Cramer’s Special (Education) Theory of Gravity

Albert Einstein created the General Theory of Relativity to explain and mathematically model gravity. As he was finishing it, he had an oh-shit moment and realized it wouldn’t balance out properly unless he shoved in an arbitrary number that he called the Cosmological Constant. Without this number, his theory would show that the universe was expanding instead of being static. Years later, physical evidence was obtained that the universe was, indeed, expanding. This evidence was the “red shift” – the color shift towards the red of the returning radiation from distant stars in comparison to closer stars. This shift is due to the Doppler Effect. This is the same effect that causes an ambulance’s siren to sound differently to us when it is coming at us than when it is traveling away from us. Eventually, Einstein acknowledged his mistake and removed the constant. The funny thing about this is that he was originally right, but then a simple assumption of the way the world worked did him in.

Einstein’s theory about gravity has something to do with curved spacetime and other nifty things like that. It’s odd but it is well proven experimentally and universally accepted these days. I have a different way of looking at it, one that is not mathematical but conceptual and probably quite wrong, but I am sharing it just the same. I want to stress that this is not generally excepted science and I am just pulling a theory out of my ass. Still, although it certainly has its flaws, you may find it intriguing.

At the heart of my theory is the very thing that Einstein fudged, the expansion of the universe. If you believe that the universe is expanding, that is, everything in the universe is traveling away from everything else, then you might suppose that at one time everything was all lumped together in one very tight, very dense blob and then “exploded” away from each other. This is a crude rendition of the Big Bang Theory. I’ll discuss that in another article. For now, let’s not worry about the origin, but concentrate on the here and now. If you want to visualize our expanding universe, put a few thousand dots on an un-inflated balloon. Start to blow it up and watch the magic as all the dots move away from each other.

So what is gravity? Gravity is a force brought on by acceleration. When you mash down on the gas peddle of your car, you feel a force pull you back in your seat. Gravity works the same way, but how? First, we must accept that everything exerts its own gravity, but the small items we encounter from day to day don’t exert enough for us to notice. This means that as far as gravity is concerned, fat chicks are more attractive than skinny ones, but we don’t notice either way. We certainly notice the gravity of Earth, though.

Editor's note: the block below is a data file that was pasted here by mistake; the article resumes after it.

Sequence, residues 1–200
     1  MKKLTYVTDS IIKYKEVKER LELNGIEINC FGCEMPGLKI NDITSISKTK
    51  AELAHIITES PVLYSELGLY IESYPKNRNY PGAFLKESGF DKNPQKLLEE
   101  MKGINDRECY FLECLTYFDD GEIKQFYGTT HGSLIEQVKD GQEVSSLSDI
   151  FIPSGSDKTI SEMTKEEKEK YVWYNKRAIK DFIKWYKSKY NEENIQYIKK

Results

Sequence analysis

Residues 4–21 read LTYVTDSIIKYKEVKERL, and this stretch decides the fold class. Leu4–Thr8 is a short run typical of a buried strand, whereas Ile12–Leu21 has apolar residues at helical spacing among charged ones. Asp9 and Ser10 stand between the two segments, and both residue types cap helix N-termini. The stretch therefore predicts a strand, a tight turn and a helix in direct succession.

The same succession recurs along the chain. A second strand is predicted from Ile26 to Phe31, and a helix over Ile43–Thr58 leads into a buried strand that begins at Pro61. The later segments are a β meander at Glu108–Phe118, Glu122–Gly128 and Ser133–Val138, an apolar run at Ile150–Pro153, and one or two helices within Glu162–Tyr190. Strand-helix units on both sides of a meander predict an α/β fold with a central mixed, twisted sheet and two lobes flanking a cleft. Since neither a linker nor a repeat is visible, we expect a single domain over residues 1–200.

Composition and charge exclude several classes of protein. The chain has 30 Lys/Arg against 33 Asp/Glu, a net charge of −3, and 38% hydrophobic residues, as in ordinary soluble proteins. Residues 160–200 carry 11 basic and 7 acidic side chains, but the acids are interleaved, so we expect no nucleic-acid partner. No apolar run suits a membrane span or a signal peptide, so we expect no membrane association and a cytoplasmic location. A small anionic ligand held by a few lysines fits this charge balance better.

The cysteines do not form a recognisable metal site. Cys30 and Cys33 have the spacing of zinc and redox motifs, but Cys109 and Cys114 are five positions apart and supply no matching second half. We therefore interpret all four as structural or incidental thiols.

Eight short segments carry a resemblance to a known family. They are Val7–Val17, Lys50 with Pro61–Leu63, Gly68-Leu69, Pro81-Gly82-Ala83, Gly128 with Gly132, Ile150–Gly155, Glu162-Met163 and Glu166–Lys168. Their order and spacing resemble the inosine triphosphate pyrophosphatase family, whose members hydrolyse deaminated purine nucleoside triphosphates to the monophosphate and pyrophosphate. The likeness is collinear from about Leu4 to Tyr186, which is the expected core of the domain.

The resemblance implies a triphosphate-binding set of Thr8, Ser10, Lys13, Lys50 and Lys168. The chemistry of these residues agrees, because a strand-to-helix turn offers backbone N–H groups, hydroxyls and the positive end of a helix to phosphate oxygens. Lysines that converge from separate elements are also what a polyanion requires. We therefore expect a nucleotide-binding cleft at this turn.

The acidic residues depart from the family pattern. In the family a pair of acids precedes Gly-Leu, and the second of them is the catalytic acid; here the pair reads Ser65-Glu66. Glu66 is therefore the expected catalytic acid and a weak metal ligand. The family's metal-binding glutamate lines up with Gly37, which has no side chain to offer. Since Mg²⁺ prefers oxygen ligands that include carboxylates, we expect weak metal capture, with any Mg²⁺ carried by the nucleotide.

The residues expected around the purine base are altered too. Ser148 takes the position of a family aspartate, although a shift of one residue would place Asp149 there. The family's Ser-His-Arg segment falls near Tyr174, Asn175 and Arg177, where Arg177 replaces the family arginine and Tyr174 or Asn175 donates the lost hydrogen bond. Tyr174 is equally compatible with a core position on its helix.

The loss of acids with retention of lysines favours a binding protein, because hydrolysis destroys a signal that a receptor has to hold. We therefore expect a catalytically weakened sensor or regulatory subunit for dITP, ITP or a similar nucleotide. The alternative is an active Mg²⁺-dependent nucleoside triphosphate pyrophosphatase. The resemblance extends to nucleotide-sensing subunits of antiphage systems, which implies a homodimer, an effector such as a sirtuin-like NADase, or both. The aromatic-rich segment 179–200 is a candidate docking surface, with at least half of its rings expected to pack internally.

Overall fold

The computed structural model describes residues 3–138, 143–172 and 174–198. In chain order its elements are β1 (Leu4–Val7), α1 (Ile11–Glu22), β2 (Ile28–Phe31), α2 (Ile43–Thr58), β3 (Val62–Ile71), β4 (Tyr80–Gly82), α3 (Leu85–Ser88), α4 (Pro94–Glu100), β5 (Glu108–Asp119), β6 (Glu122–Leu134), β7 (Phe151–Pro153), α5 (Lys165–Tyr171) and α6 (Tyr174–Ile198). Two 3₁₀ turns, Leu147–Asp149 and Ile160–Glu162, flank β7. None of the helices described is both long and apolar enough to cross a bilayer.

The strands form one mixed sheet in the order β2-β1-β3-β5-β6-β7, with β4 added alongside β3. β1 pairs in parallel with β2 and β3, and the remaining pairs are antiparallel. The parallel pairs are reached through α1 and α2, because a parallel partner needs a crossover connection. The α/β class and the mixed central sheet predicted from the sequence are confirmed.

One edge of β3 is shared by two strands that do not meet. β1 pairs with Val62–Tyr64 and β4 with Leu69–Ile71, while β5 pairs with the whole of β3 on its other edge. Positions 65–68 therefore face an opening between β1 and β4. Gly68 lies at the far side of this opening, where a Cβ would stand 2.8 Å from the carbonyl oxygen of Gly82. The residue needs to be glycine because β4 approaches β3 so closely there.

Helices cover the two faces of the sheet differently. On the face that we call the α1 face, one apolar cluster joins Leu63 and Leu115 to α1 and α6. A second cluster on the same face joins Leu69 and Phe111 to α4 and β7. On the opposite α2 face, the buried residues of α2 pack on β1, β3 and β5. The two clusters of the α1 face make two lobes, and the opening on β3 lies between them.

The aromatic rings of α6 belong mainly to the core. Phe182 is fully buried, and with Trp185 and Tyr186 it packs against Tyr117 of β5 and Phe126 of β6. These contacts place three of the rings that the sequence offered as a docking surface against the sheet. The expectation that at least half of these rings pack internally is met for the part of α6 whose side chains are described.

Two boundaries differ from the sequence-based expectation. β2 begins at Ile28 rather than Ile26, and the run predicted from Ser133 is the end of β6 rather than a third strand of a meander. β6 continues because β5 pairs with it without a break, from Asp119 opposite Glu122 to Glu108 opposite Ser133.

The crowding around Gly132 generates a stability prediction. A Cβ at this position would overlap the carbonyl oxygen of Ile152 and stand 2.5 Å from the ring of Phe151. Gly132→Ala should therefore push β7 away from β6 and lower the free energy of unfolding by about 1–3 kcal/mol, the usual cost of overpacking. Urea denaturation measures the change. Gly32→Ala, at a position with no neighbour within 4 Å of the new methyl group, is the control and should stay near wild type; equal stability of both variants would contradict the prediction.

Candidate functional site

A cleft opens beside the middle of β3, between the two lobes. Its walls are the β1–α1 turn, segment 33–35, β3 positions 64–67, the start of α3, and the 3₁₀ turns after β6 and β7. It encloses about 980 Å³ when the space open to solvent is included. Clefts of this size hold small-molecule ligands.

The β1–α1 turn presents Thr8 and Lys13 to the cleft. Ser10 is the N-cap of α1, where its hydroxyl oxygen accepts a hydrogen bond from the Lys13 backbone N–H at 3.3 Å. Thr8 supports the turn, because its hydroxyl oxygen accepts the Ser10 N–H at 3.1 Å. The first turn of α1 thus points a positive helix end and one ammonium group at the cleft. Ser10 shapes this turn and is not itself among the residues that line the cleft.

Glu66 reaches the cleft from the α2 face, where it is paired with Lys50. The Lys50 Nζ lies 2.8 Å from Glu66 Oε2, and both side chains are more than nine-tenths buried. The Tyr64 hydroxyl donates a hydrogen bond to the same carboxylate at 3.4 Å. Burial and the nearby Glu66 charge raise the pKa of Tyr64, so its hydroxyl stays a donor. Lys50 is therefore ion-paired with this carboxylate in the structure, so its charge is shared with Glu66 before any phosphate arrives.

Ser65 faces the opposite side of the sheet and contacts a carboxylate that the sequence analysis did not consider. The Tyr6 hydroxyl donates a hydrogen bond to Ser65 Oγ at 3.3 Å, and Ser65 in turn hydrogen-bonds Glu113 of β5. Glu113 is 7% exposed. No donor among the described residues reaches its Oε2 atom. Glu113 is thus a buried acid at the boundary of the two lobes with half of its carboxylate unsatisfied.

So where is all this acceleration coming from? How is the Earth accelerating in all directions at once? Wait, we just said that the universe is expanding in all directions at once. Ah, that’s how it’s doing it!

But wait, that’s crap, right? Shouldn’t we be “expanding” away from Earth just like everything else is expanding away from everything else? Not quite, and here is why: The matter in the universe is distributed unevenly. I’ll get into why I think this is so in another article, but let’s just deal with the implications for now.

You are expanding right now. Your body is expanding, the cells that make up your body are expanding, the atoms that make up your cells are expanding, the electrons, protons and neutrons that make up your atoms are expanding, the quarks that make up those particles are expanding, and I’m sure whatever undiscovered crappy particles that make up quarks are expanding as well. The outside of your body, however, is expanding faster than its component parts. How? To visualize this, put your hands by your side. Now push your hands out towards your sides at a constant rate. We will call that the expansion of one of your cells. Now, put your hands back down at your side and have a nerdy friend stand beside you. Hold hands. Now kiss. Sorry, just kidding. Hold hands, then both of you push your hands out towards your sides at the same constant rate that you just did alone. You’ll have to side-step away from each other as you do this. Your hands moved apart at the same rate and your friend’s hands moved apart at the same rate, but your outer hand and his/her outer hand moved apart twice as fast! If you had a hundred people doing this on rollerblades (wheels pointed to the side) and everyone shoved at two miles an hour, the guys on the end would be doing close to two hundred miles an hour away from each other. Now that’s a fun Saturday afternoon. So anyway, the hands of the dudes at the end would be the outside of your body. Get the picture?

So here we are, a small, expanding object on the surface of a much bigger object, the Earth, which is expanding much faster than we are. It is pushing us out of the way, accelerating us! And to some extent we are pushing back, but not a hell of a lot. But we notice the difference between how much one object pushes versus another. We call it weight. An object with twice as much mass weighs twice as much. This is because the heavier object has twice the number of little people pushing their hands out in all directions. Tada! Gravity.

Now consider that it is believed that the universe will eventually stop expanding and start to contract. What happens when the universe lets the air out of our balloon? What will happen then? Even though the universe would be contracting, objects like, say, the Earth and us may go flying off in different directions! We’ll probably have to start gluing stuff together and staking it all down to the ground.

I hope you enjoyed my explanation of gravity. Now please forget it because it is silly.


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